I'm gonna go off on a tangent here:

As I have read numerous times on WIFCON, we need better training to energize new 1102s or the career is doomed. We won't have enough competent folks to teach the generation behind us (do we now?). I really think you have to have a particular mind set to enjoy reading and analyzing procurement regulation, case law, and books. It takes time, is tedious, and requires deep diving on topics which, from what I have read, is the opposite of how my generation consumes information via the internet.

So, I think bad training mixed with generational social changes, together, may undermine the field of contracting.

To answer the poster's question, I would second the comment in post #12:

So yeah, I'd do it all again, and I'd shape the minds of others to make their work place a better place as I can and would expect others to do the same

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Sorry if this is more introspective than philosophical. I left the Government after 5 years, 1 month, and 3 days (but who was counting?). Since then, I've spent about 10 years working in the U.S. and 25 overseas.

It was 1978 when I left the job at Air Force base level, running the Systems Management Branch, riding herd on the antiquated daily batch processing punch card computer system supporting 30 or so folks in the Base Procurement Office (actually just renamed Contracting), still an ASPR-trained young Contracting Officer signing some of the things the computer cranked out.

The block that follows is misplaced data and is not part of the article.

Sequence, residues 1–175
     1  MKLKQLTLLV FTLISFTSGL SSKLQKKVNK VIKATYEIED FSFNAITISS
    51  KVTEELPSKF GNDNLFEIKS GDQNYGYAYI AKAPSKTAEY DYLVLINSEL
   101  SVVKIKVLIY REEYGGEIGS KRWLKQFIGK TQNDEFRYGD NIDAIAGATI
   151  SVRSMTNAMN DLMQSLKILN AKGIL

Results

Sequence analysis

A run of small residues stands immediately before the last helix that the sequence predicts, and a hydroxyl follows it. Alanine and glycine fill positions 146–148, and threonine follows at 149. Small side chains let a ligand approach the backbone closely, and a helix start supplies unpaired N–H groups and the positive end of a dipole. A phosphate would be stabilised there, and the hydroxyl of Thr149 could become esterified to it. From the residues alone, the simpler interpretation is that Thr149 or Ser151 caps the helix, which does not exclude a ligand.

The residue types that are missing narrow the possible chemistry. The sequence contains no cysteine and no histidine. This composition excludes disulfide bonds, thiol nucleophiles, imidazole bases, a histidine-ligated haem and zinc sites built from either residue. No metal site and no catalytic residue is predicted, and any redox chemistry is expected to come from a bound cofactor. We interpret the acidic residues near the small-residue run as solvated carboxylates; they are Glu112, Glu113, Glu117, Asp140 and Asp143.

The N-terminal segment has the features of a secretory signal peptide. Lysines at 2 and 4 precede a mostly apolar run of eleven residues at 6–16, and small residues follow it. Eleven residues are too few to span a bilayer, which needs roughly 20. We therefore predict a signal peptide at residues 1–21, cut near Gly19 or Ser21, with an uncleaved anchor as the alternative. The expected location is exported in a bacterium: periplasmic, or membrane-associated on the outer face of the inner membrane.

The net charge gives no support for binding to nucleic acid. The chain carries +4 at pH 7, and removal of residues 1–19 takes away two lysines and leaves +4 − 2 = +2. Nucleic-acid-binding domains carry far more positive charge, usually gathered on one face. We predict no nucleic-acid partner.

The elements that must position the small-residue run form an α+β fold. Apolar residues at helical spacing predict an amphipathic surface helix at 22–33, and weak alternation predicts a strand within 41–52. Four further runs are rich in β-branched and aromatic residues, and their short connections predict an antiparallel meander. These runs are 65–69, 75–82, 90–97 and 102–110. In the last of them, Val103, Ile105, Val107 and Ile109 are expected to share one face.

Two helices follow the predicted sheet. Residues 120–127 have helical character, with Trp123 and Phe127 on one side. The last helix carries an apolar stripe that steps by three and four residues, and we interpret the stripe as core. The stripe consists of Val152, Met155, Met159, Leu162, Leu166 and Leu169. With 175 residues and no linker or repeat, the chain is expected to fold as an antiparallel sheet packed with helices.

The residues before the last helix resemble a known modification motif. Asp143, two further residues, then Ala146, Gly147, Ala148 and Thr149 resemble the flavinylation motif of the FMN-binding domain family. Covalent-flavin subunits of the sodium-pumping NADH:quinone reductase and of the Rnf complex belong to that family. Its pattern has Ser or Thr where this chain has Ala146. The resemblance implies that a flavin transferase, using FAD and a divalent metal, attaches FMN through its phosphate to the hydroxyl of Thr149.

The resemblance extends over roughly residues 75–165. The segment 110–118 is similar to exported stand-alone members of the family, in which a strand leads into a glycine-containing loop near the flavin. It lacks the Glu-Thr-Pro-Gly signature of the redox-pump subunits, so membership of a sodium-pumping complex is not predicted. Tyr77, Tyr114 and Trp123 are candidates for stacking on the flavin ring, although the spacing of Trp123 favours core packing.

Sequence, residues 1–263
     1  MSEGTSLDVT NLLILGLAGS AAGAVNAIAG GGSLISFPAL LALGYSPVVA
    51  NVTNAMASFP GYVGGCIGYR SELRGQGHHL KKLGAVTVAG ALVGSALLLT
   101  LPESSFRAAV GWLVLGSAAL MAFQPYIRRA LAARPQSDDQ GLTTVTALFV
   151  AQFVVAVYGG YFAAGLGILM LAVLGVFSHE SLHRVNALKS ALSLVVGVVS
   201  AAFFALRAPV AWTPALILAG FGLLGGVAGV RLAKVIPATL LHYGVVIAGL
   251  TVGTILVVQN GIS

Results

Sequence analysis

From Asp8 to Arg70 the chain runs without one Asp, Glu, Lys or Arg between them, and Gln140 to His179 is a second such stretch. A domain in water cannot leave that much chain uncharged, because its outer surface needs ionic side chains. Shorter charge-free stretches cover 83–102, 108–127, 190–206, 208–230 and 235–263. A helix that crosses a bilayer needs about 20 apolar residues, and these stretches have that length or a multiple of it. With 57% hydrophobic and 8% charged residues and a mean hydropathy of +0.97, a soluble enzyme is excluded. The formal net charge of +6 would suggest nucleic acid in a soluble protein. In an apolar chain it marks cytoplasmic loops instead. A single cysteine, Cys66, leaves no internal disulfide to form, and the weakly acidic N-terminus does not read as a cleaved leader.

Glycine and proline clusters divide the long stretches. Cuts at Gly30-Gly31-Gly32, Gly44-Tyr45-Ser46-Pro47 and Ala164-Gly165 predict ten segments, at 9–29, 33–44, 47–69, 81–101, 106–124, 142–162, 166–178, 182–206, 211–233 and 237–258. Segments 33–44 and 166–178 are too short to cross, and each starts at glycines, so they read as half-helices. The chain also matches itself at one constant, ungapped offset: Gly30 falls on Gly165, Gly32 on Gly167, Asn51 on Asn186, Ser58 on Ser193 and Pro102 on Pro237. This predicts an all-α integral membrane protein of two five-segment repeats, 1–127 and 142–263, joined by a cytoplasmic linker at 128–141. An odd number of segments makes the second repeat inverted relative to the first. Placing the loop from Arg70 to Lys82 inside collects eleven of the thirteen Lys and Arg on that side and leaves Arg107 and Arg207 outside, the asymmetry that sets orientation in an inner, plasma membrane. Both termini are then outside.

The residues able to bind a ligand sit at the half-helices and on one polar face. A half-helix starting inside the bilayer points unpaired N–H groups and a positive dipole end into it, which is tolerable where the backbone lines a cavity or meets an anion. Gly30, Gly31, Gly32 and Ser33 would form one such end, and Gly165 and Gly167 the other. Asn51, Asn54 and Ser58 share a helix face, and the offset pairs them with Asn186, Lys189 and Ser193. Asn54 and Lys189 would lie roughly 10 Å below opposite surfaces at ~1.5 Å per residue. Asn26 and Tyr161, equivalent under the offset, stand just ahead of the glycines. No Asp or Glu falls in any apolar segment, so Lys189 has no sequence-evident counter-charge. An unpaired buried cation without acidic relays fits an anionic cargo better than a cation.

My job was rated 50% contracting and 50% computer systems manager. What would have happened if I had jumped to the computer side instead of staying on the procurement side where I started? Who knows?

On one hand, I may have been able to retire as a rich techno-geek by now. On the other hand, I may never have been able to travel the world as I did in my younger days, to over 34 different countries, vacations every 3-4 months, then between projects taking my retirement a few months at a time, traveling through Asia with a suitcase and a dive bag, moving on or hanging around as the spirit moved me, and looking for work when the life of leisure began to pall.

Would I do it again? Hard to say.

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These are the kinds of thoughts that sometimes keep me awake at night.

I have only a few years into federal service as an 1102, after years in the private sector.

I have about 5 years left to work until I retire, possibly sooner once I decipher the new health care exchange options resulting from the ACA.